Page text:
The present participle of the verb try (trying) has developed a new meaning in contemporary usage. Grammaticalized as tryna, it functions as a semi-auxiliary expressing want or desire. The emergent use is an example of linguistic camouflaging, in which vernacular use resembles an already existing form so closely that it is assumed to be identical to its structural counterpart (Wolfram 2004, 114). The difference is illustrated in the sentence ‘You tryna drink a coke?’ meaning ‘Do you want a coke?’ This form originates in urban African American Vernacular English (AAVE), though the usage has now filtered into many varieties of Mainstream English (ME). Example sentences were pulled from Twitter for semantic and syntactic analysis. Analysis of this novel grammaticalization contributes to the body of formal work on AAVE, provides documentation of a discrete example of English semantic shift, and demonstrates the potential of Twitter as a corpus for linguistic research.
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The present participle of the verb try (trying) has acquired a new meaning in contemporary usage, which originates in urban African American Vernacular English (AAVE), functioning as a semi-auxiliary expressing want or desire. Tryna is a textbook example of grammaticalization, illustrating three processes commonly linked to the phenomenon: phonetic erosion, morphological reduction, and semantic bleaching (Hainman 1991, 154). In standard usage, try is what is known as a catenative verb, which means it must always be followed by an infinitive. This particular environment is what gives tryna its new form: trying + to V then becomes /tɹajɪn tə/ which erodes further to /tɹaɪnə/, orthographically represented as tryna.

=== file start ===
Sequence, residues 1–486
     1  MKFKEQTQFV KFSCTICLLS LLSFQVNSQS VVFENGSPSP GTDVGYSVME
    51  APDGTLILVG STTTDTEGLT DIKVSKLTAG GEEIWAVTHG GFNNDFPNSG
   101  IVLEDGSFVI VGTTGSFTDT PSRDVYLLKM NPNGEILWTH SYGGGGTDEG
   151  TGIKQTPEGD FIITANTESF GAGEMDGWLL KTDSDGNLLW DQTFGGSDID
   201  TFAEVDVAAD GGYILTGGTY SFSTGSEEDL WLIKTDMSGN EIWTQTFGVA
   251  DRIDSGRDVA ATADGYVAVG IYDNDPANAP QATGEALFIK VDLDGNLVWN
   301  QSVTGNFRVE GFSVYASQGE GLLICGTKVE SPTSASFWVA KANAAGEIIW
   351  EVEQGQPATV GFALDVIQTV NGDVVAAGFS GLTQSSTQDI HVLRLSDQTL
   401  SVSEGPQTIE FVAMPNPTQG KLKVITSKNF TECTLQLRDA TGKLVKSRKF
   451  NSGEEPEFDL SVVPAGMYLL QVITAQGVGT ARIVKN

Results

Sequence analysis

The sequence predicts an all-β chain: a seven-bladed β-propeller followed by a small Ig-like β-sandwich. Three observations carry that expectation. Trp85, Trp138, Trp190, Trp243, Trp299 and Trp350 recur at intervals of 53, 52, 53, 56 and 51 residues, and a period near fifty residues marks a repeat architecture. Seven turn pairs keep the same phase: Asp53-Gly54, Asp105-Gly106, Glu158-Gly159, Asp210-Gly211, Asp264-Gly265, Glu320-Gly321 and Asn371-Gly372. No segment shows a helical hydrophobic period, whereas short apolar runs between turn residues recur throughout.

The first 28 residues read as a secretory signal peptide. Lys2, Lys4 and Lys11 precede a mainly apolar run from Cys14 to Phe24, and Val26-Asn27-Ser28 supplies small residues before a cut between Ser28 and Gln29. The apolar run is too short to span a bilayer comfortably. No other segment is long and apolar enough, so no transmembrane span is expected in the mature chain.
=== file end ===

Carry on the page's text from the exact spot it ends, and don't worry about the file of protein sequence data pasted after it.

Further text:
Phonetic erosion is common in English without necessarily indicating a semantic change. Because of this, there exist in Mainstream English (ME) sentences that contain a form of the verb try that sounds identical to the emergent grammaticalized form, as in the sentence “They’re making too much noise, I’m tryna sleep!” This contrasts with a sentence such as “Everyone wanna be from Chicago, but we tryna get out!!” (See Example 1 in Table 1.) The structure of this sentence shows that tryna is being used to parallel wanna, illustrating the emergent properties.
One of the main hallmarks of morphological reduction, which is also called decategorialization, is the loss of the ability to be inflected (Heine and Kuteva 2007, 40). For verbs, this typically involves the loss of inflection for tense, aspect, person, and negation (Heine and Kuteva 2007, 41). This often happens to the gerundival form (-ing) of English verbs, like barring, concerning, and considering.
Semantic bleaching, sometimes called desemanticization, is the loss of meaning content (Heine and Kuteva 2007, 34). Heine and Kuteva define it in their 2007 book The Genesis of Grammar, stating that “Use of a linguistic expression E in a new context C entails that E loses part of its meaning that is incompatible with C” (39).